Psychosocial functioning in schizophrenia: are some symptoms or demographic characteristics predictors across the functioning domains?
Received 6 May 2015
Accepted for publication 22 June 2015
Published 29 September 2015 Volume 2015:11 Pages 2471—2477
Checked for plagiarism Yes
Review by Single-blind
Peer reviewer comments 3
Editor who approved publication: Professor Wai Kwong Tang
Sirijit Suttajit,1 Suwanna Arunpongpaisal,2 Manit Srisurapanont,1 Nuntika Thavichachart,3 Ronnachai Kongsakon,4 Sunanta Chantakarn,5 Vasu Chantarasak,6 Apichat Jariyavilas,7 Piyadit Jaroensook,8 Khanogwan Kittiwattanagul,9 Osot Nerapusee10
1Department of Psychiatry, Faculty of Medicine, Chiang Mai University, Chiang Mai, 2Department of Psychiatry, Faculty of Medicine, Khon Kaen University, Khon Kaen, 3Department of Psychiatry, Faculty of Medicine, Chulalongkorn University, Bangkok, 4Department of Psychiatry, Faculty of Medicine, Ramathibodi Hospital, Bangkok, 5Department of Psychiatry, Faculty of Medicine, Siriraj Hospital, Bangkok, 6Somdetchaopraya Institute of Psychiatry, Bangkok, 7Srithanya Hospital, Bangkok, 8Prasrimahabhodhi Hospital, Ubon Ratchathani, 9Khon Kaen Rajanagarindra Psychiatric Hospital, Khon Kaen, 10Medical Affairs, Janssen-Cilag, Bangkok, Thailand
Abstract: This study aimed to examine symptoms/demographic characteristics as predictors for psychosocial functioning among individuals with schizophrenia. The Personal and Social Performance (PSP) scale was used to assess psychosocial functioning. Other measures of interest included were the Clinical Global Impression, Severity scale, and the Marder’s five-factor model of the Positive and Negative Syndrome Scale. This study included 199 participants with non-acute stage schizophrenia. Spearman correlation coefficients and stepwise multiple linear regression analyses were applied to determine the correlates and predictors of PSP domain/total scores. Younger age, earlier age of schizophrenia onset, severe illness, positive symptoms, negative symptoms, disorganized thought, hostility/excitement, and anxiety/depression were found to significantly correlate with poor functioning. Severe illness and negative symptoms are the main predictors of greater impairment of socially useful activities, personal and social relationships, and self-care. Further prospective studies in other settings, which would include an increased number of variables such as neurocognitive function and social support, are warranted.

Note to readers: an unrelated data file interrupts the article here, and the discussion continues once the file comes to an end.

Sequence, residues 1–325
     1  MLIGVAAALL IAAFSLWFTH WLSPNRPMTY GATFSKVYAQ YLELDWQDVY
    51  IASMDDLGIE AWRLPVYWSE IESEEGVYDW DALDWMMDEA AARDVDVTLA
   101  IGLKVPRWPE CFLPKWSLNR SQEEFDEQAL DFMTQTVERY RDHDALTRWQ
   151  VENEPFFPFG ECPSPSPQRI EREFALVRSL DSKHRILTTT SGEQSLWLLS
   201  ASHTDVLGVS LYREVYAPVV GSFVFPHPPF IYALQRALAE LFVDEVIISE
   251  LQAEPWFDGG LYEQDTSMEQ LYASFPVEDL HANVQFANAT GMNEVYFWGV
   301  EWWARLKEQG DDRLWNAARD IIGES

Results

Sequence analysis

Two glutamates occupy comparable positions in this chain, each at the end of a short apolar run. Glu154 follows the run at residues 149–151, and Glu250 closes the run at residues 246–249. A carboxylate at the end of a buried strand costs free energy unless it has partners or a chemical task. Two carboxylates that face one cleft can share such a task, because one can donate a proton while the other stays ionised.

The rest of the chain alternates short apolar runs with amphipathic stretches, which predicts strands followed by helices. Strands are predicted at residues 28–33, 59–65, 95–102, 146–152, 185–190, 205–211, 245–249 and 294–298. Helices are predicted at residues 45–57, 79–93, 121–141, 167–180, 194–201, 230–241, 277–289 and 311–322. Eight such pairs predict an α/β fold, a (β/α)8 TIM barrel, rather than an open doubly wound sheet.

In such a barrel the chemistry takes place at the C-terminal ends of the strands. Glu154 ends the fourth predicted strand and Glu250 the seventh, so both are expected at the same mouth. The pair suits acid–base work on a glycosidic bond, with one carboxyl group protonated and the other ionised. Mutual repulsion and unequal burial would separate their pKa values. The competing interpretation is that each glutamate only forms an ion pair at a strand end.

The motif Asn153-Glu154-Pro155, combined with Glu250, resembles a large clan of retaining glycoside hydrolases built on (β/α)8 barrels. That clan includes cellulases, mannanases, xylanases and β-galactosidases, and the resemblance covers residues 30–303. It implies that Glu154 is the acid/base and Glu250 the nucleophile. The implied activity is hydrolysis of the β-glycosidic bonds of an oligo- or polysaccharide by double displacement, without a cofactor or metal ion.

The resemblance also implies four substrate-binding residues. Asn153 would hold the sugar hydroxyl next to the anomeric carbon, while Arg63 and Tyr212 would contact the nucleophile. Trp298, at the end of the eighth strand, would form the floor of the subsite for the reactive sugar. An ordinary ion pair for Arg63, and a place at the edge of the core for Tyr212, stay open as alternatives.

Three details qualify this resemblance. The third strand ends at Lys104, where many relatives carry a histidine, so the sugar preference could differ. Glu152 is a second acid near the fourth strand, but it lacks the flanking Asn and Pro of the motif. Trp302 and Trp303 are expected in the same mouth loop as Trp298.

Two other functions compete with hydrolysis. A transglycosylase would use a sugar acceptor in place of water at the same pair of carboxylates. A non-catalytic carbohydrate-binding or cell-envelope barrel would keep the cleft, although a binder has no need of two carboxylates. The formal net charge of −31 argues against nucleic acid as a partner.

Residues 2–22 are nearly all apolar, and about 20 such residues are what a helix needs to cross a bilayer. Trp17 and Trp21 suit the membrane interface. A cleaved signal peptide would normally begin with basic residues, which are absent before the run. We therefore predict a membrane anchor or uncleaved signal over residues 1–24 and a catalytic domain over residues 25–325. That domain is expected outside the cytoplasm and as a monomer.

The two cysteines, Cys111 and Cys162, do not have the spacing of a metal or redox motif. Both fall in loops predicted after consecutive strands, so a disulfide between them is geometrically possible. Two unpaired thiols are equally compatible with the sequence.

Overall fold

Keywords: age, association, correlation, excitement, hostility, negative symptoms, severity
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